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Tamara Weiss, MD, MS, Vice Chairman for Clinical Services in the Department of Radiation Oncology, talks about what it is and how to treat it, which although occurring in only about 37,000 people a year, has doubled in the past 10 years.

What is thyroid cancer?

Thyroid cancer is a cancerous growth in the thyroid gland, which is located at the base of the neck, just below the Adam's apple. The thyroid’s function is to produce hormones that regulate heart rate, blood pressure, body temperature, and weight. Thyroid cancer occurs in people of all age ranges, but it tends to be more common in women.

Symptoms include difficulty swallowing, hoarseness, cough, a choking sensation, pain in the neck and throat area, swollen lymph nodes in the neck, or a noticeable lump or bump in the neck. A simple self-test is to feel along the neck for any lumps or bumps, then feel again while swallowing to see if there are any changes. If so, see your physician for additional evaluation.

Although there is little an individual can do except avoid exposure to radiation, the good news is that prognosis is generally good. Five-year survival rates can be as high as 90 to 95 percent.

Once diagnosed, what are the treatment options?

Typically, most patients will need surgery to remove the thyroid gland. At Stony Brook, this is a minimally invasive procedure. After surgery, patients take a thyroid replacement hormone, which is something they will have to do for the rest of the their lives. For the last two and a half years, the medication Thyrogen® has become the standard preparation method for treatment with radioactive iodine. It has been in use for many years in preparation for follow up thyroid carcinoma scans. It brings the major benefit of allowing patients to remain on the medication year-round. In the past, patients would have to stop taking their thyroid medication for several weeks a year in order to undergo testing and ensure the most accurate results; this, in turn, could trigger hypothyroidism, which in some people can cause debilitating symptoms.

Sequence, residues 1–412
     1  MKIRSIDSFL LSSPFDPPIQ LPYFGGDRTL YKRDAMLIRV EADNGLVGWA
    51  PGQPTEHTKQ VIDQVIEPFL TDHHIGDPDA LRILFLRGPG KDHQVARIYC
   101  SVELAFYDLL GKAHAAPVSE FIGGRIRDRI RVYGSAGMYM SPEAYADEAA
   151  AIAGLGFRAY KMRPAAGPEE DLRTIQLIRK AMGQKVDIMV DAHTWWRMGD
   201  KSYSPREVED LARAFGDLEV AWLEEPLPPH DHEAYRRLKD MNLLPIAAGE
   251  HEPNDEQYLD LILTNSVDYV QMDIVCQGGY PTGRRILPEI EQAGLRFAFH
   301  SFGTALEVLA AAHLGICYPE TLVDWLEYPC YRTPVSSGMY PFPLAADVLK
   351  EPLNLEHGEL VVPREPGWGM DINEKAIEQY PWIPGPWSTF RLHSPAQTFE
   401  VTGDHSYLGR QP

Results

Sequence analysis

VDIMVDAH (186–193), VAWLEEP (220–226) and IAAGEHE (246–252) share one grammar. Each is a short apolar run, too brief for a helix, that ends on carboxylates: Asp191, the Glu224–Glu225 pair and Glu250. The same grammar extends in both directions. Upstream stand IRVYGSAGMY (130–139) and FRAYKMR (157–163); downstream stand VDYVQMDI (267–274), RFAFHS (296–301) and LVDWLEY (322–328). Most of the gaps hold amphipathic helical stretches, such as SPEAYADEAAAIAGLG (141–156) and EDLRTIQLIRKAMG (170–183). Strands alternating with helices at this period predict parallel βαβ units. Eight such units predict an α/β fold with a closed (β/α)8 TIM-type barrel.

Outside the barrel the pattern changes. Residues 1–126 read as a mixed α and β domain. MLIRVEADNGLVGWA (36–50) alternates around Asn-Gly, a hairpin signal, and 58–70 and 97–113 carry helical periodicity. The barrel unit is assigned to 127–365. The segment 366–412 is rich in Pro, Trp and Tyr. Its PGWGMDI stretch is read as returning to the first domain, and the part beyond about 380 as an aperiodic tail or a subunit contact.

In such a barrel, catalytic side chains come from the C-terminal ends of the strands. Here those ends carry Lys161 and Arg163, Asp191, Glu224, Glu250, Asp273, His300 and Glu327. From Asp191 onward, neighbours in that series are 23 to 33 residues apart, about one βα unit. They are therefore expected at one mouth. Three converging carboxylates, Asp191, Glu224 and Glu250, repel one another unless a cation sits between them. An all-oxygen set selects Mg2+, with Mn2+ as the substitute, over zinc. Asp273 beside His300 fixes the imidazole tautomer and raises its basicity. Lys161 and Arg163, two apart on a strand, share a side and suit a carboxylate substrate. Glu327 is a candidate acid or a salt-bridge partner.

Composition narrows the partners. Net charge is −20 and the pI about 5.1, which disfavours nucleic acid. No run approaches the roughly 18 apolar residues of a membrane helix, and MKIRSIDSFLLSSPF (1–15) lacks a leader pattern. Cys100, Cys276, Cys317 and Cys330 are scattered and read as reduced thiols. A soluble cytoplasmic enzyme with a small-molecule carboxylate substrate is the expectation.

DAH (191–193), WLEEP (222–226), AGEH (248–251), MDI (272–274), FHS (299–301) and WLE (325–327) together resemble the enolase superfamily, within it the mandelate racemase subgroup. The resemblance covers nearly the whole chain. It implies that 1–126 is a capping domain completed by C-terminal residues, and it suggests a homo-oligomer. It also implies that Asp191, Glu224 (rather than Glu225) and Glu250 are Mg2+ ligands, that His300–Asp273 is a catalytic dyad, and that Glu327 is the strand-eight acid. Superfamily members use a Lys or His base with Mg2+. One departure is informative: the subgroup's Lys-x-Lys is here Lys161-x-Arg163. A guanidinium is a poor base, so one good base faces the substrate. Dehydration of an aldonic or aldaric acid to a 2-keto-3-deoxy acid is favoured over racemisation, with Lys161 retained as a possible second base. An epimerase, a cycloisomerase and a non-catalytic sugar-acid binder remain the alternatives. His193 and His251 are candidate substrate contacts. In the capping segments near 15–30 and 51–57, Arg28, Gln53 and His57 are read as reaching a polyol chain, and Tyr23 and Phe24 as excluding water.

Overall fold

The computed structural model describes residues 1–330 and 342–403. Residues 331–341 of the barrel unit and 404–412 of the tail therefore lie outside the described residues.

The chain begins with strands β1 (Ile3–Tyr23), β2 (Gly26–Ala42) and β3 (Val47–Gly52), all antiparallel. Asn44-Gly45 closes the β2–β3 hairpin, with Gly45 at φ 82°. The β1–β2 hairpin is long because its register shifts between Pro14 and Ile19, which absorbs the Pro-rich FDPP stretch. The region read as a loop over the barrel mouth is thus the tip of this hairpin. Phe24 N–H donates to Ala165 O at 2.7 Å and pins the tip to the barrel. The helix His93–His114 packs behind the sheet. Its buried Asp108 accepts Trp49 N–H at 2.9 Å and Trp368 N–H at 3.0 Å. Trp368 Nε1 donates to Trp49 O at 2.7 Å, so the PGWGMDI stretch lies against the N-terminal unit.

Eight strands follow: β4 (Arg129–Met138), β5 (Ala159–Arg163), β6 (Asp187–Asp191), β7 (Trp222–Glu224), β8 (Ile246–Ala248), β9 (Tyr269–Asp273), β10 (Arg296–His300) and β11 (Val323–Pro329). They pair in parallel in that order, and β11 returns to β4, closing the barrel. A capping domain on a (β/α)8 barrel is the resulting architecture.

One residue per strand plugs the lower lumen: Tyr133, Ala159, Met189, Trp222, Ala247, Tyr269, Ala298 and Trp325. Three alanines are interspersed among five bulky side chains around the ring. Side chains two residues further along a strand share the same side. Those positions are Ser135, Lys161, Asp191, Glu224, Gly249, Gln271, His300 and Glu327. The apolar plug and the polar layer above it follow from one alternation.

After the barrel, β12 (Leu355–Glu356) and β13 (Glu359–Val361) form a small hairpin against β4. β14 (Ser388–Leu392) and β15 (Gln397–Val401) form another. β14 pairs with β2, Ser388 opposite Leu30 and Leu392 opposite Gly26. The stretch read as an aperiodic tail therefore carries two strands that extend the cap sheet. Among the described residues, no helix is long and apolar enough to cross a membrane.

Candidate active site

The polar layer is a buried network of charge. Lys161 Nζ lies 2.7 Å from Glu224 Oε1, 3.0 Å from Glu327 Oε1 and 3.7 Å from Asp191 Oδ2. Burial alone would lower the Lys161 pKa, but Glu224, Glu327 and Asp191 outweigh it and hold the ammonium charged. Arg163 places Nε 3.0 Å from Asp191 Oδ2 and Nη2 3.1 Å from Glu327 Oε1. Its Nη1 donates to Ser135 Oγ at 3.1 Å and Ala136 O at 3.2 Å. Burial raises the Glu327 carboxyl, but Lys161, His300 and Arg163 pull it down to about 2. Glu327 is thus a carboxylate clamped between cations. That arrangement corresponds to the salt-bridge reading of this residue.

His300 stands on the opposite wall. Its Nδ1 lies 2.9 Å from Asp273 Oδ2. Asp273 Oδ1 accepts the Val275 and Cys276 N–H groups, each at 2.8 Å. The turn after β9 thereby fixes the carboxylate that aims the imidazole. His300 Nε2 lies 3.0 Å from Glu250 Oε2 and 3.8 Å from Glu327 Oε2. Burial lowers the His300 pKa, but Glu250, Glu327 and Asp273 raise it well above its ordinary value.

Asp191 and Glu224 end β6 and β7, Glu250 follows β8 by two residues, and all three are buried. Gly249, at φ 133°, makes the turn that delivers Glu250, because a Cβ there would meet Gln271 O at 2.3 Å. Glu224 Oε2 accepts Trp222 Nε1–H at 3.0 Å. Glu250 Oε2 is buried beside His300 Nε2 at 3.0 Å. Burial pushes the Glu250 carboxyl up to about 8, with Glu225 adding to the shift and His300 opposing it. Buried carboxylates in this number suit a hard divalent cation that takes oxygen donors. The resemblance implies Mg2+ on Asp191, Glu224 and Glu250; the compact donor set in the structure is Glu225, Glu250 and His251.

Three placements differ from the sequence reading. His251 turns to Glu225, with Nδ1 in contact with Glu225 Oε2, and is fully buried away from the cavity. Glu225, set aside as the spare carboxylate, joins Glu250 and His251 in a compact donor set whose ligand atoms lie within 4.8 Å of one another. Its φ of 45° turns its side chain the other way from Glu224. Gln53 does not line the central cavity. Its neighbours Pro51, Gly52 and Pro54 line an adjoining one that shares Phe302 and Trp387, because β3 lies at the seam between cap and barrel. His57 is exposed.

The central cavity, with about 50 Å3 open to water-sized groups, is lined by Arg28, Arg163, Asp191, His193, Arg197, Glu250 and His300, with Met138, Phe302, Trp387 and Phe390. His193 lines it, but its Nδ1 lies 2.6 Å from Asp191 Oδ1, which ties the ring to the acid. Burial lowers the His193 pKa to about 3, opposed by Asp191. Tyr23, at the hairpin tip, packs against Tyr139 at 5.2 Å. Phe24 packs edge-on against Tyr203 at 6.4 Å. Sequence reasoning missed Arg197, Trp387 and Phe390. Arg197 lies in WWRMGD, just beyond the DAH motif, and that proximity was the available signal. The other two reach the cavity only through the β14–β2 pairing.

Optimal treatment may also entail radioiodine, an oral regimen designed to attack any remaining thyroid tissue that could not be surgically removed.  Stony Brook is the only medical center in Suffolk County to offer this treatment. During treatment, patients need to be in isolation for five to seven days as not to expose others to the radioactive component. Fortunately, thanks to improvements in dosage and other factors, most patients can now undergo this treatment at home. In addition, as part of Stony Brook’s comprehensive approach, it offers nutrition counseling for patients, who in preparation for treatment must follow a low-iodine diet for several weeks.

Other treatments include targeted therapies that introduce anti-growth factors into the system. Called systemic therapies, they are administered by medical oncologists. Stony Brook also makes clinical trials available to eligible patients.

For information about thyroid cancer or to make an appointment, call HealthConnect® at (631) 444-4000.

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